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Leaving children at home alone NSPCC Guide

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Leaving children at home alone NSPCC Guide

Post  hobnob on Thu Jan 21, 2010 6:25 am

What the law says

The law does not set a minimum age at which children can be left alone. However, it is an offence to leave a child alone when doing so puts him or her at risk.

How do you decide if you can safely leave a child alone?

There are many important things to consider before you decide to leave a child alone. These include:

the age of the child
the child's level of maturity and understanding
the place where child will be left
how long the child will be left alone, and how often
whether or not there are any other children alone with the child.
For example, most parents would think it's OK to leave a 16-year-old alone for the evening, but to leave them for a week would be unacceptable.

Many young children play outdoors with other children without supervision but most people would agree that this is an important part of growing up.

You are the best judge of your child's level of maturity and responsibility. Read our "Home alone" information leaflet for more information:




Did you know?
There’s no legal age limit for leaving a child on their own, but it’s an offence to do so if it places them at risk.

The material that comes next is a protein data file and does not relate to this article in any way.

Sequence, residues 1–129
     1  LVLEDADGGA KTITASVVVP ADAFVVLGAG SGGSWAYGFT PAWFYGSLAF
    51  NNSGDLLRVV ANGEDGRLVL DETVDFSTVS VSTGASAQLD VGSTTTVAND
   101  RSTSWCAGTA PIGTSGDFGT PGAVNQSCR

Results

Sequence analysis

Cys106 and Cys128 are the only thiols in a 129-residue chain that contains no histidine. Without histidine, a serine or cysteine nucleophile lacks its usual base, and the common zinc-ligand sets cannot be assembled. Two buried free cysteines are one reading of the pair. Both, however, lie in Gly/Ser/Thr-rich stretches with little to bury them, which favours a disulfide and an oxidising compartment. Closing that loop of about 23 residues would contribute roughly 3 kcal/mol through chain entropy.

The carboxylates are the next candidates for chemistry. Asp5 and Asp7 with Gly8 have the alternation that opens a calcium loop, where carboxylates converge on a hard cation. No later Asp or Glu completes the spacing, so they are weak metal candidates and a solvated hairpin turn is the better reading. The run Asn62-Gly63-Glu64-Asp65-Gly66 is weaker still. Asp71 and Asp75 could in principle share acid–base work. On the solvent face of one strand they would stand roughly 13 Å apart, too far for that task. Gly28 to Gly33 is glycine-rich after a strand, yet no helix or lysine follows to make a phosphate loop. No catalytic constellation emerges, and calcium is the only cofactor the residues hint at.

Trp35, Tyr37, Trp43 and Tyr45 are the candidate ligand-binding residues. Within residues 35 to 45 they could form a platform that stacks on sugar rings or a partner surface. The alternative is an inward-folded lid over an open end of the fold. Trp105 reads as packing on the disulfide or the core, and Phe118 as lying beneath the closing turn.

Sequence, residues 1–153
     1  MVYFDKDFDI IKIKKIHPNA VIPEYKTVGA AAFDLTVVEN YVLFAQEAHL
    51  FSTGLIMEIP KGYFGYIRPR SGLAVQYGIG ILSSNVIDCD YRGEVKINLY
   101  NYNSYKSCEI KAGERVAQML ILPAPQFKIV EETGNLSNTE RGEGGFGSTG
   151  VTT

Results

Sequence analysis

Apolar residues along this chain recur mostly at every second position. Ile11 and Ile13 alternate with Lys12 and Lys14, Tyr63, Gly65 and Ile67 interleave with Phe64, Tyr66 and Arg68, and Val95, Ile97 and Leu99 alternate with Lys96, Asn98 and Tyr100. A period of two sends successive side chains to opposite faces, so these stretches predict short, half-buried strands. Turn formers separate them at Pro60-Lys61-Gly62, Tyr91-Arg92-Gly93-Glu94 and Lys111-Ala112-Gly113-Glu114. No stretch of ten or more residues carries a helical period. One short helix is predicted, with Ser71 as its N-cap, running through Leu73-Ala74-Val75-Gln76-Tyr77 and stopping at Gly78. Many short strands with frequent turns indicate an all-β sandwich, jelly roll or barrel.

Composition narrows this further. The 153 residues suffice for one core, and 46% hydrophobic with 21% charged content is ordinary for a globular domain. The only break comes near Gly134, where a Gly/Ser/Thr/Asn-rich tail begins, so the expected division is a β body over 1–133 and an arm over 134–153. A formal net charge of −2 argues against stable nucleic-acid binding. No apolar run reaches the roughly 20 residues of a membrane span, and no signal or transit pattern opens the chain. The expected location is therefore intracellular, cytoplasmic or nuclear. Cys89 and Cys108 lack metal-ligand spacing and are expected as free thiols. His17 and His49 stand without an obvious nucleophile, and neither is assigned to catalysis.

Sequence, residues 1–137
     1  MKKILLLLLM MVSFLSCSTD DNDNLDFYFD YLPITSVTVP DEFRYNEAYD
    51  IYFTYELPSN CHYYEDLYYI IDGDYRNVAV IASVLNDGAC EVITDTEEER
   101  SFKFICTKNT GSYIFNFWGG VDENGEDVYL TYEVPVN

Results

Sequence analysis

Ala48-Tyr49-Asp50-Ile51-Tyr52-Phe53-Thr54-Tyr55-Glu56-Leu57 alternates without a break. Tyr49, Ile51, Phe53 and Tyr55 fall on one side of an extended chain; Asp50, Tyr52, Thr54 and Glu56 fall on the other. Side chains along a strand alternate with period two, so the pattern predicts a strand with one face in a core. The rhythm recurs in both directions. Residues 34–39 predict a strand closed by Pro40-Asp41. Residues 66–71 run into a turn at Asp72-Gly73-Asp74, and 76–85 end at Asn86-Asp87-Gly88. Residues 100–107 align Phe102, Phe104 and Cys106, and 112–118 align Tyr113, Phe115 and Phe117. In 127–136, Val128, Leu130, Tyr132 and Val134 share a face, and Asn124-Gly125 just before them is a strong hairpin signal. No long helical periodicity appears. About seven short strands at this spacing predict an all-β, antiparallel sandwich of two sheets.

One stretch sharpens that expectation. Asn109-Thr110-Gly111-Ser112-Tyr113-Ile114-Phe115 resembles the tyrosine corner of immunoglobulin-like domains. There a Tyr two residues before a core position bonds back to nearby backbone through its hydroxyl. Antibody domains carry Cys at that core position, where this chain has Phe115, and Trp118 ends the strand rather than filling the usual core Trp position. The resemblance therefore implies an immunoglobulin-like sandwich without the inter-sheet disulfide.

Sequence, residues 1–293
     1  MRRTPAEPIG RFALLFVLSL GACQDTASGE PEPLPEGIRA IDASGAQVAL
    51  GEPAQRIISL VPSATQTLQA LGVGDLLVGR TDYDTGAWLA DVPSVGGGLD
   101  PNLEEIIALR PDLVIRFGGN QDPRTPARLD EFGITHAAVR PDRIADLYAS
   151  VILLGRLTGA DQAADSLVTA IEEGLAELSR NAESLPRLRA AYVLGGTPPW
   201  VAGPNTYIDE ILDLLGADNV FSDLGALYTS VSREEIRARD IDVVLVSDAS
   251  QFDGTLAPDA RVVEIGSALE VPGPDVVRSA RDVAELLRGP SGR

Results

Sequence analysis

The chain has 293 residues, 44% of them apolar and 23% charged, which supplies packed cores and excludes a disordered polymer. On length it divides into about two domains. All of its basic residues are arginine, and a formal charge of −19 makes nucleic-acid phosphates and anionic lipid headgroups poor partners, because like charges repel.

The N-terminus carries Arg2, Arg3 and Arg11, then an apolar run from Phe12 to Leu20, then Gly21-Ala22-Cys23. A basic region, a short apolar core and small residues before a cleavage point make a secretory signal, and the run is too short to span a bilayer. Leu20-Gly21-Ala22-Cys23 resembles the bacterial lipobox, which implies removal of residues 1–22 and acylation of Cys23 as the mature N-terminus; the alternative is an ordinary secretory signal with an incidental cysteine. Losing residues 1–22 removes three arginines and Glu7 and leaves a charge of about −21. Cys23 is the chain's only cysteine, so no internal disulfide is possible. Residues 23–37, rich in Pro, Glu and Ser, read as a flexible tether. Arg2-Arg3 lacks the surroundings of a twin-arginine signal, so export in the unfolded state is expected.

Parents can be prosecuted for neglect if they leave a child unsupervised “in a manner likely to cause unnecessary suffering or injury to health”.
(Children and Young Persons Act*)
*Children and Young Persons Act 1933 [England
and Wales], Children and Young Persons
(Scotland) Act 1937 and Children and Young
Persons Act (Northern Ireland) 1968

What is neglect?
If you fail to meet your child’s basic needs, such as food and warm clothing, or constantly leave your child alone, this is known as neglect.
Neglect is as serious as other forms of child abuse because the effects can be just as damaging and long-lasting.



Remember
Never leave your baby or young child home alone,not even for a few minutes, regardless of whether they are sleeping or awake.The risks and dangers are too great.
• If your child is under the age of about 12, they may not be mature enough to cope with an emergency. They should not be left alone for more than a very short time.
And remember to put all obvious dangers out of reach before you go,such as medicines, matches and sharp objects.
• Even when leaving older children alone, make sure that they are happy about the arrangement and that they know how to contact the emergency services.
Keep your mobile phone with you and make sure they know your number so they can call you if you’re needed.
• If your child is under the age of 16 they shouldn’t be left alone overnight.
• Teach your child about what to do if there’s ever a problem.
Leave a list of people you trust that they could go to or could telephone, such as a neighbour or close relative.




The signs of neglect
There are occasions when nearly all parents find it difficult to cope with the many demands of caring for children. But this does not mean that their children are being neglected. Neglect involves ongoing, severe failure to meet a child's needs. Here are some signs of possible neglect: